Latest shipment of MRAPs go to priority Army units
The Army is fielding the latest Mine Resistant Ambush Protected vehicles in Iraq, giving them to units who need them most and operate in areas with the highest threat.
While the Pentagon had initially planned to have 7,000 of the vehicles in use in Iraq by summer 2008, that number has been downgraded by military officials. The head of the Department of Defense MRAP task force originally said 3,500 MRAPs would be in Iraq this year, but he later scaled that back to 1,500, saying his first estimate was made “on the fly.”
Still, according to Multi-National Corps–Iraq, the first of the vehicles are being farmed out from Camp Liberty, near Baghdad.
According to a news release issued Friday, soldiers from units receiving the vehicles undergo a weeklong course in driving, operating and maintaining the new vehicles.
“I’m really impressed by the vehicle, mainly because of the height, and the fact that it can drive about 20 to 30 degrees on its side without rolling over,” Spc. Marquis Dawkins, of Headquarters and Headquarters Company, 4th Brigade Combat Team, 1st Infantry Division, was quoted as saying in the release. “It is also much more comfortable.”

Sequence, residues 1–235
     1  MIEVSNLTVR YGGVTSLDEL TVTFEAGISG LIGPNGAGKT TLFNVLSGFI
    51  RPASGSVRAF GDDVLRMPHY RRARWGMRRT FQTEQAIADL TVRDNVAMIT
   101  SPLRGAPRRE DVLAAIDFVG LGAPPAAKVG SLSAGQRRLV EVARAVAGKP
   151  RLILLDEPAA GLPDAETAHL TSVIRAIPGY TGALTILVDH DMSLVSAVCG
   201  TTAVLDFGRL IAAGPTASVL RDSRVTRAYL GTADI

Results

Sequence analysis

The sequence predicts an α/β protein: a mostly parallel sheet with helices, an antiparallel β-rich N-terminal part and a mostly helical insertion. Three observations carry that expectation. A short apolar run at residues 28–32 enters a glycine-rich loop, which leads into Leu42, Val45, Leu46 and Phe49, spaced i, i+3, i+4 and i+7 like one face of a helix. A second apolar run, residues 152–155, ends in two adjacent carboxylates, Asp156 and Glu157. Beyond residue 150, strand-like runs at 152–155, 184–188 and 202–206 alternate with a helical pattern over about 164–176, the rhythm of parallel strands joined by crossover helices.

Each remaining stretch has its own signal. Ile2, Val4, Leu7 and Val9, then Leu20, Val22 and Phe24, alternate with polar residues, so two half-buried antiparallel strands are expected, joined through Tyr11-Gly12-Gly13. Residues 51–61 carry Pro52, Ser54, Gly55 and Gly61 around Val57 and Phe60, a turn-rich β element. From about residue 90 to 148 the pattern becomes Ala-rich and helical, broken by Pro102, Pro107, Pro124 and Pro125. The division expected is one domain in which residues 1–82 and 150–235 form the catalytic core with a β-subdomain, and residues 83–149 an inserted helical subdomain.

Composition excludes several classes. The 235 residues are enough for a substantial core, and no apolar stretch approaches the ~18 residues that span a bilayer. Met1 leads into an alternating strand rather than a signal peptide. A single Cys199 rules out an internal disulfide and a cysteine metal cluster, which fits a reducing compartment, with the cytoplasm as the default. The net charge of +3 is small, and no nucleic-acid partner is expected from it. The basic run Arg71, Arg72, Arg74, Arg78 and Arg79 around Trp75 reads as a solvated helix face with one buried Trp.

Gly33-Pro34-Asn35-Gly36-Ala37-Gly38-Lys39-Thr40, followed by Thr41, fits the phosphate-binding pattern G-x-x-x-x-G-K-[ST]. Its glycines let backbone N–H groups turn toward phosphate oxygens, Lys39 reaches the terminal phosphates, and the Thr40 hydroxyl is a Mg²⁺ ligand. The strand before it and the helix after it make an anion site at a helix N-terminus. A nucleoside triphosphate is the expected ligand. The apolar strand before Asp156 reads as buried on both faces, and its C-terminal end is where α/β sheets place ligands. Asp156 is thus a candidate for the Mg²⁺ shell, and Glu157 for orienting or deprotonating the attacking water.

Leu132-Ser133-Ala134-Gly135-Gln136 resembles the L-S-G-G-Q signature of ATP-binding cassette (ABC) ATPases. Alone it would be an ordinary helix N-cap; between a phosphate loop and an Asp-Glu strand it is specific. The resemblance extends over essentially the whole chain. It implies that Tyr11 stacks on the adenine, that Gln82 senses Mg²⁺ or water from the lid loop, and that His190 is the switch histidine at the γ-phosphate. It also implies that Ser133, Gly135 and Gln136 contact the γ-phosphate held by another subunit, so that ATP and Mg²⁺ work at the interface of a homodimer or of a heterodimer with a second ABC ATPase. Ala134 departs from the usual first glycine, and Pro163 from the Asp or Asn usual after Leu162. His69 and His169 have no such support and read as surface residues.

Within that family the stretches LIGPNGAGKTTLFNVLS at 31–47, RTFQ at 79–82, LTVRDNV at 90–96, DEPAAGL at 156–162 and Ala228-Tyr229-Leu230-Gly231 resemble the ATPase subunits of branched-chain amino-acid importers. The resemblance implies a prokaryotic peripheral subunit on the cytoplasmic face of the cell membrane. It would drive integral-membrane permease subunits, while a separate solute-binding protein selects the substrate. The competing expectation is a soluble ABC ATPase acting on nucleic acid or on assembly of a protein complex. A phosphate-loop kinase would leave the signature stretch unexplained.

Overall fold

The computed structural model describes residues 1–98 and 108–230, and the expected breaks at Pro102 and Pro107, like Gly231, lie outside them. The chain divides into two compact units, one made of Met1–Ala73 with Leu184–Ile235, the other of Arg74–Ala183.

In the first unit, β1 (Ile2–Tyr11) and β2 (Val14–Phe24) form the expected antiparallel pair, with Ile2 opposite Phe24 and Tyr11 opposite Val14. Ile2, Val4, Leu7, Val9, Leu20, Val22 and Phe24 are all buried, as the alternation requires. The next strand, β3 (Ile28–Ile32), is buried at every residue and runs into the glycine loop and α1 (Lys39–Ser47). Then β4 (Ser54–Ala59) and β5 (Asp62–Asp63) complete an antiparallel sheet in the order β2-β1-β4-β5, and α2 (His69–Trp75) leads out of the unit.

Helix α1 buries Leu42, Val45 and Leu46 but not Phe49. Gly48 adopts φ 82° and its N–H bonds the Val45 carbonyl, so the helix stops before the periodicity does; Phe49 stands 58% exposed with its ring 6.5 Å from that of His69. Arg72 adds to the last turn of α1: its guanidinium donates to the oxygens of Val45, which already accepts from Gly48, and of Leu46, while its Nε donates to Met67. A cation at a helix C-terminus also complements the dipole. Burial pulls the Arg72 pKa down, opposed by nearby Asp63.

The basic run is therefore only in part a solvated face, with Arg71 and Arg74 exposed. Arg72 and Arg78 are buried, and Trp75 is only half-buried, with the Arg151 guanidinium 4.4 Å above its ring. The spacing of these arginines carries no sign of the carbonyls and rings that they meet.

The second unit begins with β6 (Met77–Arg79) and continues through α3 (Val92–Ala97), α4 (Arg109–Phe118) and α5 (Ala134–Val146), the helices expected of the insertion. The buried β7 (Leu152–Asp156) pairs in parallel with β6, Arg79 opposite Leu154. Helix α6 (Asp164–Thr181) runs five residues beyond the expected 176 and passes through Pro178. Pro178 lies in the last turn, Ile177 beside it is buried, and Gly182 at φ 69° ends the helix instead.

Two versions of the MRAPs are being fielded: one that holds six soldiers and one that holds 10.
The vehicles have V-shaped hulls to deflect blasts from underneath and have proved to withstand roadside bombs better than up-armored Humvees.
Since January, about 500 MRAPs have been delivered to the CENTCOM theater of operations, of which all but about 20 are in Iraq, Adm. Mike Mullen, chairman of the Joint Chiefs of Staff, told reporters in mid-October.
The Pentagon has authorized 15,274 MRAPs for all branches of the service, with 10,000 for the Army, 3,700 for the Marine Corps, 697 for the Air Force, 544 for the Navy and 333 for Special Operations Command.
“The vehicle has an angled bottom shell on it so it can deflect blasts a lot,” Pfc. Nicholas Lane, of the 2nd Brigade, 2nd Infantry Division, was quoted as saying after the training. “Hopefully, it will keep us safer out there.”
“Throughout this week we are learning how to work on the trucks, and we’re learning how to drive them,” Lane said. “This is the first course, and the vehicles are still new so we’re just taking it step by step.”
Stars and Stripes reporter Jeff Schogol contributed to this report.